Now they sat on a bulky couch with gold tassels, Abdullah, Pari, and Father. The soft cushions at their backs were dotted with tiny octagonal mirrors. Across from the couch, a single painting took up most of the wall. It showed an elderly stone carver, bent over his workbench, pounding a block of stone with a mallet. Pleated burgundy drapes dressed the wide windows that opened onto a balcony with a waist-high iron railing. Everything in the room was polished, free of dust.

Abdullah had never in his life been so conscious of his own dirtiness.

Uncle Nabi’s boss, Mr. Wahdati, sat on a leather chair, arms crossed over his chest. He was looking at them with an expression that was not quite unfriendly but remote, impenetrable. He was taller than Father; Abdullah had seen that as soon as he had stood to greet them. He had narrow shoulders, thin lips, and a high shiny forehead. He was wearing a white suit, tapered at the waist, with an open-collared green shirt whose cuffs were held together by oval-shaped lapis stones. The whole time, he hadn’t said more than a dozen words.

Pari was looking down at the plate of cookies on the glass table before them. Abdullah had never imagined such a variety of them existed. Finger-shaped chocolate cookies with swirls of cream, small round ones with orange filling in the center, green cookies shaped like leaves, and more.

“Would you like one?” Mrs. Wahdati said. She was the one doing all the talking. “Go ahead. Both of you. I put them out for you.”

Abdullah turned to Father for permission, and Pari followed suit. This seemed to charm Mrs. Wahdati, who tented her eyebrows, tilted her head, and smiled.

Father nodded lightly. “One each,” he said in a low voice.

“Oh, that won’t do,” Mrs. Wahdati said. “I had Nabi go to a bakery halfway across Kabul for these.”

Father flushed, averted his eyes. He was sitting on the edge of the couch, holding his battered skullcap with both hands. He had angled his knees away from Mrs. Wahdati and kept his eyes on her husband.

Abdullah plucked two cookies and gave one to Pari.

“Oh, take another. We don’t want Nabi’s troubles to go to waste,” Mrs. Wahdati said with cheerful reproach. She smiled at Uncle Nabi.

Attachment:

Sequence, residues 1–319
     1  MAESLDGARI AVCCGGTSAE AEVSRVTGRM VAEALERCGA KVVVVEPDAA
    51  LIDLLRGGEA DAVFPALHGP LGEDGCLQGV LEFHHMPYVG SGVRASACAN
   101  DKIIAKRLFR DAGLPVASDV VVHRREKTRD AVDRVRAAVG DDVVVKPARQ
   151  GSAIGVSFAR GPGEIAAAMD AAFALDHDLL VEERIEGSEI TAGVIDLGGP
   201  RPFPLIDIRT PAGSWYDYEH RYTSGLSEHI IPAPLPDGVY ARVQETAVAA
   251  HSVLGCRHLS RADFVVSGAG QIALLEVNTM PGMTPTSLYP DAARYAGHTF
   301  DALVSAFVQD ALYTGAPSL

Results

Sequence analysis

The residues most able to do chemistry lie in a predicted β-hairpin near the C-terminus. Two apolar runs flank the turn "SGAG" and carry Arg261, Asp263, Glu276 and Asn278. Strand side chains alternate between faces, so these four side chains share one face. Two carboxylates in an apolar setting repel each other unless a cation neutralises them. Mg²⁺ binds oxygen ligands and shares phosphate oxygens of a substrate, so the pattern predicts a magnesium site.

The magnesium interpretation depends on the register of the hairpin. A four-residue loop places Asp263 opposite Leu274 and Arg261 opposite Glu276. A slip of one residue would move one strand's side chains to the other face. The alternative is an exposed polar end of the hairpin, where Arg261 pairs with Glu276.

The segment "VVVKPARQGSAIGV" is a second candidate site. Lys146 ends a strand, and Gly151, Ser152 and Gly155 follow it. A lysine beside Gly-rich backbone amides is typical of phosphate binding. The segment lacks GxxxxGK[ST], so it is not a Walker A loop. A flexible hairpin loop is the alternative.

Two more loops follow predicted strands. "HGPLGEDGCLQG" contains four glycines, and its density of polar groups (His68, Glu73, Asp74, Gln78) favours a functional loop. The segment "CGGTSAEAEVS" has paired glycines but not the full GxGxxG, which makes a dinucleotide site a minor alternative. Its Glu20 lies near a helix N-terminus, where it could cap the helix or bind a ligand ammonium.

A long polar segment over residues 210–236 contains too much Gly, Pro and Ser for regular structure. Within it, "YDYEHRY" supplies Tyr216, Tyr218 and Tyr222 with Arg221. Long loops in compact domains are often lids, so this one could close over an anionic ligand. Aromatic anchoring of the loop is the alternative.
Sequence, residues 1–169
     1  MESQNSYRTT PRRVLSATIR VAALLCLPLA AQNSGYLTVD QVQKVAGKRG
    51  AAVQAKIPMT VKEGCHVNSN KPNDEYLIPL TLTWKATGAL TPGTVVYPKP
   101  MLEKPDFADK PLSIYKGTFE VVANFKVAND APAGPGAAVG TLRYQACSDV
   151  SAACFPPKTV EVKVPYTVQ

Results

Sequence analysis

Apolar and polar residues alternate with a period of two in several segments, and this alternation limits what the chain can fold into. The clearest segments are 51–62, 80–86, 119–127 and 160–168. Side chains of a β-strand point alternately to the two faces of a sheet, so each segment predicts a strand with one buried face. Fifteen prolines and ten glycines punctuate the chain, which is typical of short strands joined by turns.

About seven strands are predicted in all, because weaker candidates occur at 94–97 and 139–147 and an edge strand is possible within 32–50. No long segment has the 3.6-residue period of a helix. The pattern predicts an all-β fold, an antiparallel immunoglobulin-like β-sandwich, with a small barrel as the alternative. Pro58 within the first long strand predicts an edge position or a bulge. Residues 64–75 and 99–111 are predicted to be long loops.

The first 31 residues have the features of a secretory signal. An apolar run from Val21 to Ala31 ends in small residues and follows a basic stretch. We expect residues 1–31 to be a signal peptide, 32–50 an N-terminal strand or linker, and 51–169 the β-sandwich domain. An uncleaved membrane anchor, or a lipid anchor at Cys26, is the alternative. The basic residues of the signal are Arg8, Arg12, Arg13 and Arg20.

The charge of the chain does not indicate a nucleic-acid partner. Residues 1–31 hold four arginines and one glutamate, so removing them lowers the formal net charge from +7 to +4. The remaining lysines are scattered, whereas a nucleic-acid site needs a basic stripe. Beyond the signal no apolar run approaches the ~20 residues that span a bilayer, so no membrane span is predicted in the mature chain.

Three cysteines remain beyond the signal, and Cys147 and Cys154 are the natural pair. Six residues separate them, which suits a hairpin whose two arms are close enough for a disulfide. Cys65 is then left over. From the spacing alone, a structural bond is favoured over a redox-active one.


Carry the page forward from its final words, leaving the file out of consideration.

“It was no trouble at all,” Uncle Nabi said, blushing.

Uncle Nabi was standing near the door, beside a tall wooden cabinet with thick glass doors. On the shelves inside, Abdullah saw silver-framed photos of Mr. and Mrs. Wahdati. There they were, alongside another couple, dressed in thick scarves and heavy coats, a river flowing foamily behind them. In another picture, Mrs. Wahdati, holding a glass, laughing, her bare arm around the waist of a man who, unthinkably to Abdullah, was not Mr. Wahdati. There was a wedding photo as well, he tall and trim in a black suit, she in a flowing white dress, both of them smiling with their mouths closed.

Abdullah stole a glance at her, at her thin waist, her small, pretty mouth and perfectly arched eyebrows, her pink toenails and matching lipstick. He remembered her now from a couple of years earlier, when Pari was almost two. Uncle Nabi had brought her to Shadbagh because she had said she wanted to meet his family. She had worn a peach dress without sleeves—he remembered the look of astonishment on Father’s face—and dark sunglasses with thick white rims. She smiled the whole time, asking questions about the village, their lives, asking after the children’s names and ages. She acted like she belonged there in their low-ceilinged mud house, her back against a wall black with soot, sitting next to the flyspecked window and the cloudy plastic sheet that separated the main room from the kitchen, where Abdullah and Pari also slept. She had made a show of the visit, insisting on taking off her high-heeled shoes at the door, choosing the floor when Father had sensibly offered her a chair. Like she was one of them. He was only eight then, but Abdullah had seen through it.